Lead From Where You’re At
By Commandant of Cadets Maj. Gen. Randal D. Fullhart, U.S. Air Force (retired)
While many of you had the experience of the nation rallying after the 9/11 attacks and, for a very few, some recollection from loved one’s stories of the how the nation came together in World War II, this COVID-19 pandemic is something entirely different. All of us are on the front line of this battle. It’s personal.
Another thing I think readers of the Corps Review have in common is what it feels like to put service above self. It’s the power that comes from being part of an organization that shows you in real, visible ways that the whole is greater than the sum of its parts. That’s the lesson of what it means to be a cadet from Virginia Tech.
We will be a different country when this virus has been wrestled to the ground. I think it is fair to say that we will be a different Corps of Cadets, too. We’ve learned, for example, how to operate our regiment as if it is deployed from home station.
Like the rest of the university, our classes were taught online. We had a small contingent — we call it Task Force Blacksburg — living here in our residence halls. The remaining cadets — we call them iCorps — were spread across the country. We managed multiple chains of command, used technology to communicate, and ensured that we kept sight of the fact that leadership is a very human endeavor.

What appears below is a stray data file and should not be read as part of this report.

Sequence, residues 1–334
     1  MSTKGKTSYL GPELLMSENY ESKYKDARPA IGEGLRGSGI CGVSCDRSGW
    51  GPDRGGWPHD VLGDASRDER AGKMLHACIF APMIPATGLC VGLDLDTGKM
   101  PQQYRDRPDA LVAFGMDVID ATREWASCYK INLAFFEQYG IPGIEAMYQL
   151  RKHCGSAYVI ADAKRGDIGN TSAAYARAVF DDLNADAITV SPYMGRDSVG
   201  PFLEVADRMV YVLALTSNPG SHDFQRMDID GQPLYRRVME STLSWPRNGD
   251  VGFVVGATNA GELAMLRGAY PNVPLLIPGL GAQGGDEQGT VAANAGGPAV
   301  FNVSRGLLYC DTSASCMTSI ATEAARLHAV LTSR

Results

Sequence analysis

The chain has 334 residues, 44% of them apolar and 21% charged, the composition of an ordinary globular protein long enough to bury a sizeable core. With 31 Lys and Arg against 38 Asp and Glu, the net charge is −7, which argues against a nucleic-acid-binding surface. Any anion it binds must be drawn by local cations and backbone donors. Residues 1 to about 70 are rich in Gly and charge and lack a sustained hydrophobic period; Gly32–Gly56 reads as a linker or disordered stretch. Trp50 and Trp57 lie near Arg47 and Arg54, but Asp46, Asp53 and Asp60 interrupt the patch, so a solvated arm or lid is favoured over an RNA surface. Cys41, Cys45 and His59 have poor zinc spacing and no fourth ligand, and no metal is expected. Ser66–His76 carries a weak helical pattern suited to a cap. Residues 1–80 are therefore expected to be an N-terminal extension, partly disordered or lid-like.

Summer orientation at the university, the time when we would be meeting new cadets and their families face to face, will be done completely online. Our ability to fit new cadets for uniforms will have to come later.
At the same time, we are forging ahead, identifying cadet leaders and the new chain of command in anticipation that the mission will continue — whatever the circumstances we may be presented.
In May, Virginia Tech renamed its New Cadet Hall as Pearson Hall West to recognize the continued generosity of J. Pearson ’87 and Renae Pearson ’90. Pearson Hall West is the newer of our two residence halls. The first, which was already named for the Pearsons, is now known as Pearson Hall East.
Plus, we continue to plan for construction of a third new residence hall and the Corps Leadership and Military Science Building.
Finally, we are looking for ways in the coming academic year to honor the completion of the training and service the Class of 2020 has provided over the course of the last four years. We wish them well as they each start exciting careers during a time when exceptional leaders will be in even more demand.
As the coming year unfolds, we will be using all our available means — social media, emails, Class Champions, this magazine — to keep you apprised of how things are going and how you can help through your engagement, best wishes, and support.
Until then, be well.
And remember, no matter where you are at, you can still lead.